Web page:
Jewish World Review June 2, 2003 / 2 Sivan, 5763
Prez's tax-cut catch-22 for Dems
The hazard of passing a landmark bill is that you lose the use of the associated issue in the next election: A president in his first term is banking the achievement, at the risk of making it harder to campaign for a second term. Since gratitude is a slender basis for winning re-election, most politicians would rather leave their agenda at least partially unfulfilled to run on it for another term.
But President Bush, in an unparalleled act of political brilliance, has managed to figure out how to have his cake and eat it too: Pocket the accomplishment of a tax cut, while preserving it as an issue for the next election.
He did it by letting himself be "defeated" in his demand for a $750 billion tax cut stretching over the next 10 years. Instead, he accepted what appeared to be less than half a loaf, agreeing to a $320 billion cut that sunsets in 2006.
That deal -with the Democrats and moderates in his own party - looks like typical legislative compromise, but is actually a move of incredible political acumen: The "sunset" provision, under which the tax cut automatically lapses unless expressly extended by new legislation, makes taxes a front-and-center issue of the 2004 election.
Now Bush can send refund checks of $400 for each child to 25 million households this summer, slash the tax on dividends and capital gains to 15 percent and reduce tax rates on all three brackets - all effective immediately - and still be able to base his re-election campaign on the need to preserve his tax cuts.
The president can run for re-election with an economy stimulated by his tax cuts and still have the issue to use in the '04 contest.
With the tax cuts slated to expire in the opening years of the next presidential term, every Democratic candidate will have to answer the question: "Will you support extending the Bush tax cut?"
A "no" will be required to win enough primary votes to get
the nomination. But a "yes" will be necessary to prevail in the general election. Bush has put the Democrats in an impossible position.
But the maneuver is even more impressive: It shows a really sophisticated appreciation of how the tax-cut issue works on a political level.
The constituency for a tax cut is always limited. Bush has never had much of a majority - if any - behind him on his tax cuts. After basing his campaign for the Republican nomination on tax cuts, he wisely stopped talking much about them and stressed an increased commitment to education and "compassionate conservatism" in his general-election platform.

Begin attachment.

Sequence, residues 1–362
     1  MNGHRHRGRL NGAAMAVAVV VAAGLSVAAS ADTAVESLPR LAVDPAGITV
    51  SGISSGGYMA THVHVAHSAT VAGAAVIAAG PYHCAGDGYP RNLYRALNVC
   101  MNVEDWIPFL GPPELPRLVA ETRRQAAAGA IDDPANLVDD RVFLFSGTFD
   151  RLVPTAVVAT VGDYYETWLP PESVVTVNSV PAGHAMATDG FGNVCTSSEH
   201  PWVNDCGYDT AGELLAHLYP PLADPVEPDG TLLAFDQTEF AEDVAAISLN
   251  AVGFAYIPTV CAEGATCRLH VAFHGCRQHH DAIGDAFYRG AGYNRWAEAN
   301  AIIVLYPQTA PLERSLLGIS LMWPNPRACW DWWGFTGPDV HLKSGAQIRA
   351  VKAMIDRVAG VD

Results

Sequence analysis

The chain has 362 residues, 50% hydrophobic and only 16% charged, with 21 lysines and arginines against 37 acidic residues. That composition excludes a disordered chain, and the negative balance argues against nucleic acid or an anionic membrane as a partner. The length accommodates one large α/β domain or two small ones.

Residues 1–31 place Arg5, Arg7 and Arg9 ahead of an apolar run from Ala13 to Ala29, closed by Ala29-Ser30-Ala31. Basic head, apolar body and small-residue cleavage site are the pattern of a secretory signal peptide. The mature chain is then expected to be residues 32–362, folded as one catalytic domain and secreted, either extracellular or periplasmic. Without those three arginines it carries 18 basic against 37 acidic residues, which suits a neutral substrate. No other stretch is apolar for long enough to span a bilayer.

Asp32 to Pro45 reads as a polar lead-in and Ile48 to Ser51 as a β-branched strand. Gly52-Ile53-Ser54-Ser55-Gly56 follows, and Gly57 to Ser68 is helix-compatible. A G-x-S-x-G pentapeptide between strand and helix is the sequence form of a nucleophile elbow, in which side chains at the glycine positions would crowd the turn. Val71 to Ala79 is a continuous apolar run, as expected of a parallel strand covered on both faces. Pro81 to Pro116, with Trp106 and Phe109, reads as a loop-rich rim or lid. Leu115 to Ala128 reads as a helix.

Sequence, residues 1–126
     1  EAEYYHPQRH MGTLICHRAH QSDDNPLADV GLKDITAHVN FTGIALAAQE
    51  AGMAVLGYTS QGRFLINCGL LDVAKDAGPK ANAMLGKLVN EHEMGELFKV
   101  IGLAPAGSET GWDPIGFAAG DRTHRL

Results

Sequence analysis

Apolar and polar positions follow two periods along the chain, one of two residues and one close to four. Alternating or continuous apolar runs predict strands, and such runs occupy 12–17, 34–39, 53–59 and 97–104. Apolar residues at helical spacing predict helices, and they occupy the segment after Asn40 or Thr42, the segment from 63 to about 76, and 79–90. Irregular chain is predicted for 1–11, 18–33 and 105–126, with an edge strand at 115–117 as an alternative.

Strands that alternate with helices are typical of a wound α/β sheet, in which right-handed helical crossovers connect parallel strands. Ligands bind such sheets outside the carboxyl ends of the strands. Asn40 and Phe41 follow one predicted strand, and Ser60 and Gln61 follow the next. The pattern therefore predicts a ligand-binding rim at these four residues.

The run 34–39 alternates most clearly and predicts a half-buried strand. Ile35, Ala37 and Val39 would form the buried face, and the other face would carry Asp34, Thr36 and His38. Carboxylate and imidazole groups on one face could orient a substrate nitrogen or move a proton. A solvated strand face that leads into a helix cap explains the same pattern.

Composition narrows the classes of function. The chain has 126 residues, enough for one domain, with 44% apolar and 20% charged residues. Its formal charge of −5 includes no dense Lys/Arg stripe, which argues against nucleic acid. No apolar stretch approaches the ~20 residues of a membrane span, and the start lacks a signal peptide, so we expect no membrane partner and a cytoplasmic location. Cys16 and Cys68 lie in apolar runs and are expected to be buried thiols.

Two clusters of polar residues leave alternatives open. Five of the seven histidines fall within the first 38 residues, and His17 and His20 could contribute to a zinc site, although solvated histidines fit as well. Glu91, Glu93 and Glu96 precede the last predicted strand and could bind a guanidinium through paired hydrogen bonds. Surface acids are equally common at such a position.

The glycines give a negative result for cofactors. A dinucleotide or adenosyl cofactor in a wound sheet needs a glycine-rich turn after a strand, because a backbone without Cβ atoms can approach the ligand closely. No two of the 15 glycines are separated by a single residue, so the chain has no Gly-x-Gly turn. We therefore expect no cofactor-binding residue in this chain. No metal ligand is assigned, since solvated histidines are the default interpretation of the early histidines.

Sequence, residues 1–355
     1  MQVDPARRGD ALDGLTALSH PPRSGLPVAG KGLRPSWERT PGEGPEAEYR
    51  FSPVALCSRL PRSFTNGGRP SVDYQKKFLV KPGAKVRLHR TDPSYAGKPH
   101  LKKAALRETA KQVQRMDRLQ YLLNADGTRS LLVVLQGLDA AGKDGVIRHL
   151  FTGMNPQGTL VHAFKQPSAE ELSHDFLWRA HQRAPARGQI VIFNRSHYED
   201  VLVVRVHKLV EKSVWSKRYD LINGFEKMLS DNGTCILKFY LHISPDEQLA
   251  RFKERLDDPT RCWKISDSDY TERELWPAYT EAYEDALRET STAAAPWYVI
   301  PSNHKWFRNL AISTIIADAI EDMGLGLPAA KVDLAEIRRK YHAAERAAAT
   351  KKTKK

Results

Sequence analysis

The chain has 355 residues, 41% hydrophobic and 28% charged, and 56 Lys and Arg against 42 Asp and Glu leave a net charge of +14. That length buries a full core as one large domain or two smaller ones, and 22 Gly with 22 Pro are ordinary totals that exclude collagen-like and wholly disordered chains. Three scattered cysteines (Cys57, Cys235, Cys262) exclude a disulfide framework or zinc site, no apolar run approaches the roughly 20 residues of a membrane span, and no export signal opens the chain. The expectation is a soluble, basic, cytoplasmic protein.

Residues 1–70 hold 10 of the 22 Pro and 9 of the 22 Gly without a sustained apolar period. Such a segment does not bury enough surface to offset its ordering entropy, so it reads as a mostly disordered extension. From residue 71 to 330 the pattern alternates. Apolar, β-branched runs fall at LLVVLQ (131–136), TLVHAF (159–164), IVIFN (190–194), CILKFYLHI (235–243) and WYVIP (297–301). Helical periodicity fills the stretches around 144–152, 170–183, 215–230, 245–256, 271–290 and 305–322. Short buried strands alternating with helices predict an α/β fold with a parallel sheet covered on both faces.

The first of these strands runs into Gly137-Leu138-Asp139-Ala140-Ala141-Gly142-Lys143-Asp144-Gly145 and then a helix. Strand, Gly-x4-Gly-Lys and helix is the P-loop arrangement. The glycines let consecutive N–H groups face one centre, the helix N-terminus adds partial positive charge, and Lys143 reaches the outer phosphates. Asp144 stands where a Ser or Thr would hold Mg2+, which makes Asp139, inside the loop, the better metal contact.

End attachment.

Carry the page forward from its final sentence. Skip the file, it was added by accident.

Asked on a recent Fox News/Opinion Dynamics poll if they wanted a tax cut and how large it should be, only 20 percent of the sample opted for the full $750 billion recommended by the president.
But the issue in 2004 won't be whether to cut taxes - it will be whether to raise them, by letting the cut expire. And any poll asking if voters want a tax increase will find huge majorities saying, "No way!"
Accordingly, Bush won't accuse his rivals of opposing the tax cut. Rather, he'll charge that they want a tax hike.
In the language of electoral politics, that is the equivalent of supporting murder, rape and arson. The last candidate who ran promising to raise taxes was Walter Mondale in 1984 - who lost in a landslide.
Bush will happily tick off the tax "increases" his rival supports by refusing to extend the tax cuts past the sunset.
How can a Democrat oppose expanding the child-tax credit, lowering the tax rates on the two lowest brackets and repealing of the marriage penalty?
You can't win on that platform in November. But a candidate who doesn't embrace it in the primaries won't get nominated.
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JWR contributor Dick Morris is the author of, among others, "Power Plays: Top 20 Winning and Losing Strategies of History's Great Political Leaders" Comment by clicking here.
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© 2002, Dick Morris